In Britain, economic recovery increases PM Cameron's political capital
By Guy Faulconbridge and Andrew Osborn
LONDON (Reuters) - British Prime Minister David Cameron may be close to pulling off one of the most significant feats of his premiership: delivering a solid economic recovery ahead of a 2015 election.
Two consecutive quarters of growth have shifted the sands of British politics: six months ago, lawmakers in his ruling Conservative party warned him that failure to lead Britain out of stagnation could cost him, and them, the election. Those fearful voices have fallen silent.
After cutting Britain's biggest budget deficit since World War Two by a third, Cameron leads what could be the fastest growing major economy in the European Union this year.
"Will the better economic data change the political landscape? Well, economics is the biggest issue," said Steven Bell, director of multi-asset investment at F&C Asset Management which has about 98 billion pounds ($151.52 billion) under management.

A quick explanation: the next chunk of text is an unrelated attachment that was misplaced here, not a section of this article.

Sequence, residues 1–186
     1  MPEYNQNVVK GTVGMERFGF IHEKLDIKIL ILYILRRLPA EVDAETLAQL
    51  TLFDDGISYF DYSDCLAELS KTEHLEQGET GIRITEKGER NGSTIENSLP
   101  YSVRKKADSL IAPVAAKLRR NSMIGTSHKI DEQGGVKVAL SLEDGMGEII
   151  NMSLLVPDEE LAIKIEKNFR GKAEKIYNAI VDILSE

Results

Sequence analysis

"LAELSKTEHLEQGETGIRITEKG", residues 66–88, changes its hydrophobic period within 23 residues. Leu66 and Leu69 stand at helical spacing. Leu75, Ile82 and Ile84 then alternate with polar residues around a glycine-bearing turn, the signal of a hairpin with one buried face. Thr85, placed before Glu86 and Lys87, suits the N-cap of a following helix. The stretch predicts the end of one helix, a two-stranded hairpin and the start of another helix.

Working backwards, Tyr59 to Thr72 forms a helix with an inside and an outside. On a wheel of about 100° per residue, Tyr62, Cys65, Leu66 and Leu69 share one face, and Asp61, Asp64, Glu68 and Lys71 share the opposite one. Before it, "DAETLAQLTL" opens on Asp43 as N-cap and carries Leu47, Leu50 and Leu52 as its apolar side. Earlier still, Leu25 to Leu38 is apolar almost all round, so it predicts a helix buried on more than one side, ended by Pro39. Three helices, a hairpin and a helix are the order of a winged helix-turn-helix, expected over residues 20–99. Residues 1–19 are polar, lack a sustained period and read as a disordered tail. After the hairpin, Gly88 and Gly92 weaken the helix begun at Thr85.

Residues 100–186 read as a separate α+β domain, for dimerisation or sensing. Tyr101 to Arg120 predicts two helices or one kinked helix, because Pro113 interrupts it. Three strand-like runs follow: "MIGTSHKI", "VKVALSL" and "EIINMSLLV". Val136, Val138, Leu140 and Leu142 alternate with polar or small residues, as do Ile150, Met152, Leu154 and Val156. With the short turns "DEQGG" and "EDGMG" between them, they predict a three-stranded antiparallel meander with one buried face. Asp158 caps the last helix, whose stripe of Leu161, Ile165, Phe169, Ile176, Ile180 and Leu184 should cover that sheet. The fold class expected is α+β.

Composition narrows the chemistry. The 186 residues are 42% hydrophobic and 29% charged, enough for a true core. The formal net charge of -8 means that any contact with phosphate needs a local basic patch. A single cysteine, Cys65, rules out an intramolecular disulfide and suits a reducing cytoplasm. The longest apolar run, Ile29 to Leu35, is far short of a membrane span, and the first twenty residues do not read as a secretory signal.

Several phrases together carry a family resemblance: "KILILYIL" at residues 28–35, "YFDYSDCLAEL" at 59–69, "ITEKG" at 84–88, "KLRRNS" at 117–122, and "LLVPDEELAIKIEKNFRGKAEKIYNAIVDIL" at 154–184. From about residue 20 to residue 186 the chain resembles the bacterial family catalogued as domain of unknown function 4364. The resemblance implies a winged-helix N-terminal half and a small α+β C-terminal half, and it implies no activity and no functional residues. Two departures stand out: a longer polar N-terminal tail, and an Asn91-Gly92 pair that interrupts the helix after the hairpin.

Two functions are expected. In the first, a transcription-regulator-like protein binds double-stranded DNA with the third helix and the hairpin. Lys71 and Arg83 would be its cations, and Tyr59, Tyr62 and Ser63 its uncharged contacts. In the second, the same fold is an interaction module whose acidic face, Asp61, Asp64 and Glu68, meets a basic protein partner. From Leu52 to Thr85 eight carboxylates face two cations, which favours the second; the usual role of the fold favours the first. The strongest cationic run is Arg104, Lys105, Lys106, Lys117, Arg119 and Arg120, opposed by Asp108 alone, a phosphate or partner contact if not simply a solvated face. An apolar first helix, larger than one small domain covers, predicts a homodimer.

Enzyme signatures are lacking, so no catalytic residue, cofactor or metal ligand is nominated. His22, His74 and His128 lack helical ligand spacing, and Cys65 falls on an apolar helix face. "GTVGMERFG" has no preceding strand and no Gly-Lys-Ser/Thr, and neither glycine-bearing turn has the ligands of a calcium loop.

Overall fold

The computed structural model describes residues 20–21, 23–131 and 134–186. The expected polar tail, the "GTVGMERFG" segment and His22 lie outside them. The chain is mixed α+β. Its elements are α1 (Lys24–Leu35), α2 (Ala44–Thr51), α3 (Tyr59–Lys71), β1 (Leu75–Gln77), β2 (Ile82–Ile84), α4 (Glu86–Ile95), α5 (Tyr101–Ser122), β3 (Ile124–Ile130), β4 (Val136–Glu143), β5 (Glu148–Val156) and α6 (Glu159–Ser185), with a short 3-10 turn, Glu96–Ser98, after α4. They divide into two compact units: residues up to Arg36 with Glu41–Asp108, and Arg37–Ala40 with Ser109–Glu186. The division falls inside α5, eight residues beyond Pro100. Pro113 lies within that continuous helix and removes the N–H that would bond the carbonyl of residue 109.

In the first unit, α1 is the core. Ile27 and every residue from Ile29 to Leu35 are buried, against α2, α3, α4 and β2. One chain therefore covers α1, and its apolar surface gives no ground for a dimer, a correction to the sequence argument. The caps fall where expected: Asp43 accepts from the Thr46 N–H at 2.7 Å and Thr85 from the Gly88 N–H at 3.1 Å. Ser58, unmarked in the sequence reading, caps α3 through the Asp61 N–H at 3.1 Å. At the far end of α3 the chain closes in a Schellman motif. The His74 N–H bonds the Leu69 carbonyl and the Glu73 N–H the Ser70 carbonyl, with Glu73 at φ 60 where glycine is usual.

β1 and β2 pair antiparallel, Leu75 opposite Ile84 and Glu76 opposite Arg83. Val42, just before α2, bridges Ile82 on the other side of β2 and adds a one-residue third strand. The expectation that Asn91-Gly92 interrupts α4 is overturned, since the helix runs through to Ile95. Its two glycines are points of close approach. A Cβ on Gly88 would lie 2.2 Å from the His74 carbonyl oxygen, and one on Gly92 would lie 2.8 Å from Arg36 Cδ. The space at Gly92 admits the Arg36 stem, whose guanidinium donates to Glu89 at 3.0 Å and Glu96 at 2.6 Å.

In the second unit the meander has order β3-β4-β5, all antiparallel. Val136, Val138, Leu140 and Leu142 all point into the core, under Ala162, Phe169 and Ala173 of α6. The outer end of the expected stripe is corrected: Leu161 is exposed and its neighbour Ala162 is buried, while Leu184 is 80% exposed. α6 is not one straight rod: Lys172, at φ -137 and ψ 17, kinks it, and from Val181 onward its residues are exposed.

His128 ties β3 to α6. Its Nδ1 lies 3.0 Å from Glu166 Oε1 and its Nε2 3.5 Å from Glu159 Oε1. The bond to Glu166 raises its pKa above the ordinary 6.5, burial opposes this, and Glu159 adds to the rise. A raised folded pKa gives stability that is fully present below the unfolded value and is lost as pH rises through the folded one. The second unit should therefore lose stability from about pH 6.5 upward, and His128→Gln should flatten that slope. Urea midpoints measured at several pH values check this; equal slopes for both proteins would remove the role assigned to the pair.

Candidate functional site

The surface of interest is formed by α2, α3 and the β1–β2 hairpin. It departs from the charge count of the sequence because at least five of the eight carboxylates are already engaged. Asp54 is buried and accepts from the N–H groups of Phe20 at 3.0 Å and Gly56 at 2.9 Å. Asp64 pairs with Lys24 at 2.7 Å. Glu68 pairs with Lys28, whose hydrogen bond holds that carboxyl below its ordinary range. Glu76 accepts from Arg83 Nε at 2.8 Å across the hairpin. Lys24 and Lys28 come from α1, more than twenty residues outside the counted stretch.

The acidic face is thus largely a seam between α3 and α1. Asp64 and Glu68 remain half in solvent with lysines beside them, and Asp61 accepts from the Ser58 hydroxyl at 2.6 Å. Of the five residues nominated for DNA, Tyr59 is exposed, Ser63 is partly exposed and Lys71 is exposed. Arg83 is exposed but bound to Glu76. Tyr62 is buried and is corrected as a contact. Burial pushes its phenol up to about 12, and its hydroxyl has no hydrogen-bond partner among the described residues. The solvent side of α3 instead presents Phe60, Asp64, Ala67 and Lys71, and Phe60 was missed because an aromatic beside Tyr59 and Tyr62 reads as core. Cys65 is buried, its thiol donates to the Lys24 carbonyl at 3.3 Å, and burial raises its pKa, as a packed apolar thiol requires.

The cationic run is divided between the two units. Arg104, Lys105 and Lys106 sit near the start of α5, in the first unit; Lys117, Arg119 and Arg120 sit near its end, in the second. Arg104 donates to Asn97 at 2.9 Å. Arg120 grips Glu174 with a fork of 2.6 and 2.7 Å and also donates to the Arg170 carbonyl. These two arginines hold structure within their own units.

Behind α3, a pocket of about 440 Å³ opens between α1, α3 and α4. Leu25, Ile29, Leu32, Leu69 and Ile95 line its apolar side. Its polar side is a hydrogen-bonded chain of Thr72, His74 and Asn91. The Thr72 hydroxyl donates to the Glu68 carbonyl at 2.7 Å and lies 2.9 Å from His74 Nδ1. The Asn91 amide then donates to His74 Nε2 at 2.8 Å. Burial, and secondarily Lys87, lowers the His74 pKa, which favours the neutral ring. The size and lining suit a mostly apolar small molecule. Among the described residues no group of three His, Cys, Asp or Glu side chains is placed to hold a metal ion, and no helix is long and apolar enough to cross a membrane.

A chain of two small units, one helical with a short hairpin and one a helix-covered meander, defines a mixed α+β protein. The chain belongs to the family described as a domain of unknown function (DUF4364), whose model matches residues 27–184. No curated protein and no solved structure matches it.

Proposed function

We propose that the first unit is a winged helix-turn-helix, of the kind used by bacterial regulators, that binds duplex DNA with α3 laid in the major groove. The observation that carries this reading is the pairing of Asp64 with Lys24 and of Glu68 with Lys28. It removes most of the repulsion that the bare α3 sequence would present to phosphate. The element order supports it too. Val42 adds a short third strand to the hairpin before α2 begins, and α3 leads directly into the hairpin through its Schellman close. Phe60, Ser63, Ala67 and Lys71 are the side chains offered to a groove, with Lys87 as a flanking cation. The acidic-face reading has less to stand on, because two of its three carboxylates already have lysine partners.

"Having pursued a policy of austerity, the government will get credibility both for prudent management and for the recovery," said Bell. "They will get the credit for this."
Britain's $2.5 trillion economy grew by 0.6 percent in the second quarter after a 0.3 percent rise in the first quarter, putting it on course to grow by at least 1.4 percent this year.
That would be the strongest annual growth since 2010, the year Cameron forced Labour's Gordon Brown from office by forming a coalition government with the Liberal Democrats after no party won an outright majority in a general election.
Some investors say Cameron's policies may in fact be partly to blame for the recovery's long wait. But they still expect the government to benefit. Continued...